What we have to do

Now it’s time to return to the main business of this blog, which of course is the future of classical music.

And also to return to something I stressed before my vacation, which is that the main business — the highest priority, the central focus — of people in our field should be to find a new audience.

This ought to be a no-brainer. As things are now, the old audience isn’t being replaced, or at least not in anywhere near large enough numbers to sustain classical music institutions at the size they are now. Or to give smaller groups and solo musicians enough audience to survive.

Teaching classical music in our schools  — for so many people the beloved solution — really isn’t much more than a dream. There are four problems with it:

  • How are we going to get classical music taught all over the US (limiting myself just to the situation here), when, first, interest in classical music has declined, and, second, money is short? My town of Warwick, NY closed one of its elementary schools last year, because of the economic crisis. This year it cut back so much on schoolbuses that police warned everyone driving a car to be careful of kids walking either to school, or to schoolbus stops that used to be much closer to their homes. With this going on, is Warwick suddenly going to start teaching classical music?
  • How are we going to get people to agree to music education that highlights classical music  — a genre with an almost entirely white audience — in an age of growing diversity, with an emerging nonwhite majority?
  • Why do we think that teaching kids classical music will turn them, later in life, into a paying classical audience? Back in the ’60s, classical music was widely taught, but that didn’t stop kids from rejecting it, and exploding toward rock instead. Why are kids going to reject the exciting, creative, deeply artistic music of our current culture, to prefer something we think they should like?
  • And even if, in spite of the last three points, classical music spreads widely in our schools, and does produce a new audience, it’ll take decades before that new audience is large enough to make a difference. We don’t have that much time.

So we have to find a new audience now, in other ways. Which means (as I’ve written many times before) that classical music will have to change, because our culture has changed. Old-school classical performances won’t, for the most part, speak to our current world. We have to find new ways of doing things.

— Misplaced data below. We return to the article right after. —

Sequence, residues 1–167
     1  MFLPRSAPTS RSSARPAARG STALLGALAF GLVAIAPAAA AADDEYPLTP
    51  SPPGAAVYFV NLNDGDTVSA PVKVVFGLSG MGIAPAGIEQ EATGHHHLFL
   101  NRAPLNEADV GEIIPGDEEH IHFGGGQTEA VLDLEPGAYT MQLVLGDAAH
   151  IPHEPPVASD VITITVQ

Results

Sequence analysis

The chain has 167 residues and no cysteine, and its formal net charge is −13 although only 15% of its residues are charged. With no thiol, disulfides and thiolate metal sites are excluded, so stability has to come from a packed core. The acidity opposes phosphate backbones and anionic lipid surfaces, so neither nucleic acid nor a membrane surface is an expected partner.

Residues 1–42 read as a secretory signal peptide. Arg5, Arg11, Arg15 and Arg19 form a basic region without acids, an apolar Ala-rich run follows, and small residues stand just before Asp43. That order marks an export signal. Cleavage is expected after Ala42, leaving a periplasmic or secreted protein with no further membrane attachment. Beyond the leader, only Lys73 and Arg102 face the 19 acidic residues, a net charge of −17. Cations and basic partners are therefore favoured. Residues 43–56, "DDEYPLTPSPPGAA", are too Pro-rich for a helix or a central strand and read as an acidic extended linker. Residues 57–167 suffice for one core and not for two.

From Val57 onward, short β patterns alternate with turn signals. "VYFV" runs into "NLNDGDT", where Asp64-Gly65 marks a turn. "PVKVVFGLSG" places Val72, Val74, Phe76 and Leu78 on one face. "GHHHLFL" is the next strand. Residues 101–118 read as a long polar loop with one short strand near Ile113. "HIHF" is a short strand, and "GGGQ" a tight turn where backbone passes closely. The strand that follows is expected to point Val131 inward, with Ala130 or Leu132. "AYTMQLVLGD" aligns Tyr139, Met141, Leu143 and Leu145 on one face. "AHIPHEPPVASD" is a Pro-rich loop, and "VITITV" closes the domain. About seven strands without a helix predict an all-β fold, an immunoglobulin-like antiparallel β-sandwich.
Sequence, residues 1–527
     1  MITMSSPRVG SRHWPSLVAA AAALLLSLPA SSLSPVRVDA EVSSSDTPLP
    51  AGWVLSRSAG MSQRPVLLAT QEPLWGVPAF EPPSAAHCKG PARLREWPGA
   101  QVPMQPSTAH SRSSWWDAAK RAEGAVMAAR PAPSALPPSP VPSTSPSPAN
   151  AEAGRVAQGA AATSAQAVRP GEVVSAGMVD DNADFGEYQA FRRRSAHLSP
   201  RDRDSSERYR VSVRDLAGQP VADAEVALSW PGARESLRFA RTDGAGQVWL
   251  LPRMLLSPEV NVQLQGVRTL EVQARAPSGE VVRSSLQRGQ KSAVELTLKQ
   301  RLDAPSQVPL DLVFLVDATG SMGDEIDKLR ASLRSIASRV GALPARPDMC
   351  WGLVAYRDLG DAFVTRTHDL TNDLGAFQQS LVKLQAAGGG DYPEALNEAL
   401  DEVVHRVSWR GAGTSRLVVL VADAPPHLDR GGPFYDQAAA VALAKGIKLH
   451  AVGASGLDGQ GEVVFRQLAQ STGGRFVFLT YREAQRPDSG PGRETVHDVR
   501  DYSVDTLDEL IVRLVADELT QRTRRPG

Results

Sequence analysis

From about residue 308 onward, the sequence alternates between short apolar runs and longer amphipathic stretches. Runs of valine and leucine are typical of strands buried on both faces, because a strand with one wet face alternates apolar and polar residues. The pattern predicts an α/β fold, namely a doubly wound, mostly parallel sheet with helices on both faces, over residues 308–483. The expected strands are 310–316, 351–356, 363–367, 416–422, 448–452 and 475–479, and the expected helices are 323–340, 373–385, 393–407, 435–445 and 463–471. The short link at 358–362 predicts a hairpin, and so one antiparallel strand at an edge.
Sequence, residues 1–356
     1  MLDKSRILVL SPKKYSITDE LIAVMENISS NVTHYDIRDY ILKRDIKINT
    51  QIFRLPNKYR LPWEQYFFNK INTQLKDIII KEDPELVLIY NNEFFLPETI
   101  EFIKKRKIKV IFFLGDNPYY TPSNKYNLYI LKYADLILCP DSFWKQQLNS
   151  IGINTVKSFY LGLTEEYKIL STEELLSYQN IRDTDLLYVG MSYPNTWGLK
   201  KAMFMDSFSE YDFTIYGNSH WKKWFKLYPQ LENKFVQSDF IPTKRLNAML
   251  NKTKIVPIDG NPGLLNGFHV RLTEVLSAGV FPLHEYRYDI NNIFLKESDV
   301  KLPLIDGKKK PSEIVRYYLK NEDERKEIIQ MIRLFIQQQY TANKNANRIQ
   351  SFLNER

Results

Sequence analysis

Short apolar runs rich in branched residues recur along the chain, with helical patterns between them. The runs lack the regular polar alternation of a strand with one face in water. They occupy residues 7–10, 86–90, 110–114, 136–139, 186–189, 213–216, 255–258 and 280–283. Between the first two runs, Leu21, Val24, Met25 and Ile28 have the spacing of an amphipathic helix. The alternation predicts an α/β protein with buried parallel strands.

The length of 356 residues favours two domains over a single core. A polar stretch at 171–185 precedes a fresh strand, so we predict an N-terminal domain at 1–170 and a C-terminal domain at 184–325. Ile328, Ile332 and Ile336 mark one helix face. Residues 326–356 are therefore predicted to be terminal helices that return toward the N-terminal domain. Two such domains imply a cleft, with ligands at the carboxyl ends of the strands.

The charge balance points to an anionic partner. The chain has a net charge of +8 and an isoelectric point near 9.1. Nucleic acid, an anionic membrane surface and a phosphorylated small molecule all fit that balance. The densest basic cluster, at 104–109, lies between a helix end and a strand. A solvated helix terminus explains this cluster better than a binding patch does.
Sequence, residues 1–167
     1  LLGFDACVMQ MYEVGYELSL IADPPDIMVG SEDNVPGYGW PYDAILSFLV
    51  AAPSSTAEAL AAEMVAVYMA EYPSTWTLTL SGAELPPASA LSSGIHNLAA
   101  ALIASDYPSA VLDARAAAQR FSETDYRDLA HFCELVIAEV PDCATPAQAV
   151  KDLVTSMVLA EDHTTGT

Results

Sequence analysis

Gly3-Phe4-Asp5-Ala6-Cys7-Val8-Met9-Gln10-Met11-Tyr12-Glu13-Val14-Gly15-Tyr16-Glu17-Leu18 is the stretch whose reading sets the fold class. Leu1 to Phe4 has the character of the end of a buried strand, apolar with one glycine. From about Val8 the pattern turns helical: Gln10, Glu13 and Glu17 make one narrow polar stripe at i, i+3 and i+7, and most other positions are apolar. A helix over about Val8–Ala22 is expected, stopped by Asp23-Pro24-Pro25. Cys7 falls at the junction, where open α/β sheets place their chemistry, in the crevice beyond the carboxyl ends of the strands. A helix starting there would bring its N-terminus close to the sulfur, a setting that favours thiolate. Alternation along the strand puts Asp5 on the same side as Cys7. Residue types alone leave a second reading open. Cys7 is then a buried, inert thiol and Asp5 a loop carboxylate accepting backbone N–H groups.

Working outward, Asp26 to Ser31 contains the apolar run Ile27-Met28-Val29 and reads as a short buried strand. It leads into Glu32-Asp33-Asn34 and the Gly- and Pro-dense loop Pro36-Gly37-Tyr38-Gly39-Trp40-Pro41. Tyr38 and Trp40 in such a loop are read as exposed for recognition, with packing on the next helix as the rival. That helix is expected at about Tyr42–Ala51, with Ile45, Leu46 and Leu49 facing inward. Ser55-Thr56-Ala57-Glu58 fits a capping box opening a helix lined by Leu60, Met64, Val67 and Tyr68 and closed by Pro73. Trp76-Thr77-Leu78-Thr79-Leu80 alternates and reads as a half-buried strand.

I’ve got a four-point proposal, for things that anyone presenting classical music should do. It’ll be in my next post.

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Comments

  1. says

    Now tell me– WHAT deeply artistic music culture is he talking about. Lady GaGa? Jay-Z?
    I say–do nothing. If the audience wants to grow up and seek out real culture, fine. I found it despite the 1960’s self absorbed music nonsense..
    If not, let them wallow in their own crap. Either way, they’ll deserve it.

    • James Johnston says

      I totally agree- an audience will always find the serious/art music of its time and the musicians will create it. Let’s stop talking about it already..

      • says

        An audience, yes. But maybe not a big enough audience to support the composers and performers playing the music. If you are a fan, you can have the luxury of snobbery, but for those of us who compose and perform classical music, this is not possible or desirable.

        Aside from the economic necessity for growing an audience, I want to share classical music with more people because I love it and I believe it can enrich their lives.

    • Dymitry Wos says

      There is music of much better quality than Jay-Z or Lady Gaga being produced, but it still does not meet classical standards, it is generally very underground, and many of its listeners already have some interest in classical music anyway, so I also have no idea what “deeply artistic music” is being referred to either. I do see that while many people are content with the mainstream, seemingly more people than ever, of all ages, are disillusioned with the “music” they see being offered to them. Some have sought out classical music or underground music, but others have lost interest in music altogether, and offering classical music to them would be worth a try.